TREK-A-DAY: Balance of Terror (UPDATED)
EPISODE FOURTEEN: Balance of Terror
Dear friends, as today is Valentine’s Day (and also one of the longest workdays of my year) you’ll have to forgive the truncated post. Like yesterday’s NyQuil-fueled post, I will expand on this when time permits.
In short, this episode is one of the reasons I’m most glad to be doing this experiement; being a Next Generation fan, I’ve had plenty of exposure to Romulans as have even the most casual of Trek fans after they were front and centre in the excellent J.J. Abrams reboot/spin-off movie. But there was a time when even the Federation had to meet the Romulans and that was this episode.
The Federation and Romulans had fought to a stalemate and declared a Neutral Zone (ah, most fertile of Trek conflict zones, the Neutral Zone) which neither could mess with or mutually assured destruction. The only catch was that the humans have never seen Romulans and visa versa.
This, I did not know. And so, when they are first revealed, Spock becomes the target of bigotry amongst the crew as they realize he might be the enemy. Spock himself shows great fear toward the offshoot species, knowing that Vulcan emotion unchecked and militaristic would be highly dangerous.
It’s kinda crazy imagining a time when no one knew what Romulans looked like and it’s an awesome thing to take forward.
In the expanded version, I’ll be looking at the awesome Cold War metaphors that, while not necessarily as immediately apparent now, would have been a bold discussion of the state of the world snuck into our living rooms aboard The Enterprise (not unlike Battlestar Galactica’s ballsey 9/11 episode with the threat of The Olympic Carrier. Trek paved the way for such things, of course, but it’s my closest parallel.)
And with that, I go off to somehow reconcile my Star Trek blogging habit with Valentine’s Day.
There is no Klingon word for love…think I can get away with just singing the lyrics to the Star Trek theme repeatedly? *Sad note, these are the actual lyrics written by Gene Roddenberry for the Star Trek theme (so he could milk 50% royalties from the song). They were never meant to be performed; which never stops Jack Black. Enjoy!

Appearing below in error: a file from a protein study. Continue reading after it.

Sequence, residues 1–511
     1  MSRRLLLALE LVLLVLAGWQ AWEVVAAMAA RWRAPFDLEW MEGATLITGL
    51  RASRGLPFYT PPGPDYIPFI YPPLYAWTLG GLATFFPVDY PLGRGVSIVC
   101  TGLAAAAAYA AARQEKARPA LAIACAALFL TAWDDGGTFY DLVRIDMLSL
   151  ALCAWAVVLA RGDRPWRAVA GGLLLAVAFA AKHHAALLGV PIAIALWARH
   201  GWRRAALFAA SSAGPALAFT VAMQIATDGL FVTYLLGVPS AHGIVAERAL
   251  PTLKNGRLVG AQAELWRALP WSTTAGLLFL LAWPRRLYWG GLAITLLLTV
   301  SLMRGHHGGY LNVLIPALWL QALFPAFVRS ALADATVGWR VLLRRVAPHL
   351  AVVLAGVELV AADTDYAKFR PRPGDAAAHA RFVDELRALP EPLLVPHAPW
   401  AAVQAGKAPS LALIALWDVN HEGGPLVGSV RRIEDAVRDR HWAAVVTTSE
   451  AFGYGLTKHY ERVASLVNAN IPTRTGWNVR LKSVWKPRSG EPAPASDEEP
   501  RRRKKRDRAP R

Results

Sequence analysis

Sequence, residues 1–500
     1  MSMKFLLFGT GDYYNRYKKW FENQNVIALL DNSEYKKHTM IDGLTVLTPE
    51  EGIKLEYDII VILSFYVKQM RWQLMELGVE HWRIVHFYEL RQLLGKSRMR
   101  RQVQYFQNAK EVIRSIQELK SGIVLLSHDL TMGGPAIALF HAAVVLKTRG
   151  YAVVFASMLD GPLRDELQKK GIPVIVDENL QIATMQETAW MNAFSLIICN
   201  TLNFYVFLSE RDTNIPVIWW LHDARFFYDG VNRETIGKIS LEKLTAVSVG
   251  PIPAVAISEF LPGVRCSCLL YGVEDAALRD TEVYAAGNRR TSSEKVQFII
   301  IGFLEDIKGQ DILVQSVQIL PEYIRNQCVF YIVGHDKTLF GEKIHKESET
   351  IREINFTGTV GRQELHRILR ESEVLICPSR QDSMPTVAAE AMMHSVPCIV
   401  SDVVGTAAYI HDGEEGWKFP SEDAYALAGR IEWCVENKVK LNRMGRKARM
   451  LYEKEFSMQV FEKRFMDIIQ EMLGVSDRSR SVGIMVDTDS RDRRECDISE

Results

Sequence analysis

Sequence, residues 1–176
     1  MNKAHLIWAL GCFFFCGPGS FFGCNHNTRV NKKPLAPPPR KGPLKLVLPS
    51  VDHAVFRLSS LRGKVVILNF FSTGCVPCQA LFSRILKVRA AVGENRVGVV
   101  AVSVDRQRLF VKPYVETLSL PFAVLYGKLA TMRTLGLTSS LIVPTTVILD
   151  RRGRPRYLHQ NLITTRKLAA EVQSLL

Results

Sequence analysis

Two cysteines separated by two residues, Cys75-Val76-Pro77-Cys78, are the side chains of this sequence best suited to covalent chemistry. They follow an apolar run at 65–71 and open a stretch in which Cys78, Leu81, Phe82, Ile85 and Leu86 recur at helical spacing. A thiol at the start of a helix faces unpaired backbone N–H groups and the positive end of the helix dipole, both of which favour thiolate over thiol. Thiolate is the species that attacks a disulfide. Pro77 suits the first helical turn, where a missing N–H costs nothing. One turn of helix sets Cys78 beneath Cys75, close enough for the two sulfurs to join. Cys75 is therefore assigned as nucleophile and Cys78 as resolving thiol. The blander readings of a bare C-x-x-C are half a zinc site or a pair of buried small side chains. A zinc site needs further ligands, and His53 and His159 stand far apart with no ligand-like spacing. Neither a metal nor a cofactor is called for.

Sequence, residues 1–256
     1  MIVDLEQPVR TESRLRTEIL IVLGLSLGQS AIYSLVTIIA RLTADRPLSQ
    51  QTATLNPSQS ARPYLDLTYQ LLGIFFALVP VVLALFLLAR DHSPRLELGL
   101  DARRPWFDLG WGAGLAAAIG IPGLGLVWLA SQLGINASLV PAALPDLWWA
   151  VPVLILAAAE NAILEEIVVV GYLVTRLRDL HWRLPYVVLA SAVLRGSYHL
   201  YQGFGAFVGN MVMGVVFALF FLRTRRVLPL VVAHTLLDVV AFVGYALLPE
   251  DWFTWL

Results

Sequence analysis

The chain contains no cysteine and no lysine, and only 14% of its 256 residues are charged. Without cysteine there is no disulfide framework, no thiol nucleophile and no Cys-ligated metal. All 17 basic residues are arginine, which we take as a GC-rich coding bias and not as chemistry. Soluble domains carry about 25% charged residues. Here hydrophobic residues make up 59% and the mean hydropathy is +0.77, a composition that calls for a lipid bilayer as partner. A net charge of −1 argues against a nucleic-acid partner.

So, as I said, this episode really hits the Cold War theme hard; the latter part of the show essentially playing out as two submarines playing hide and seek. There’s a great Hunt for Red October vibe to the whole thing and establishes the Romulan/Federation conflict quite heavily as the USSR/US conflict. The Romulan vessel even launches a nuclear missile at one point. It’s a fairly blunt analogy, but a timely one and incredibly well played. As Kirk fears igniting a war, feeling his decisions weigh heavily upon him, McCoy gets to give one of the most famous and eloquent speeches in all of Star Trek:
“Something I seldom say to a customer, Jim. In this galaxy, there’s a mathematical probability of three million Earth-type planets. And in all of the universe, three million million galaxies like this. And in all of that and perhaps more, only one of each of us. Don’t destroy the one named Kirk.”
This has nothing to do with the plot of the episode itself, but is a beautiful, sober moment between two friends. As I said in my first post, it’s the relationships between characters that keep this show so engaging and this is a perfect example.
The episode ends with the two commanders meeting over hailing frequencies for the first and last time, as Kirk demands surrender and the Romulan Captain muses that in another reality, they could have been friends (I’m pretty sure this exact scenario plays out again in The Next Generation, but between Picard and a female Romulan officer in the episode where they find the seed to all life. I’ll keep an eye out for it) and that he only has one more duty to perform. So saying, he detonates his ship, leaving Kirk victorious, but saddened to lose an opponent he had come to admire. There’s a nice senselessness of war melancholia to the whole affair which fits nicely into the Cold War feeling at the time (and particularly into the historical view, since nothing really came of the conflict) A great, tense episode.
A final note, I think this is ACTUALLY the final Yeoman Rand episode, but we’ll see. She keeps popping up, though her plot with Kirk seems done (there are some awkward looks and weirdness that might suggest otherwise, but we’ll have to see). We’ll miss you, Rand.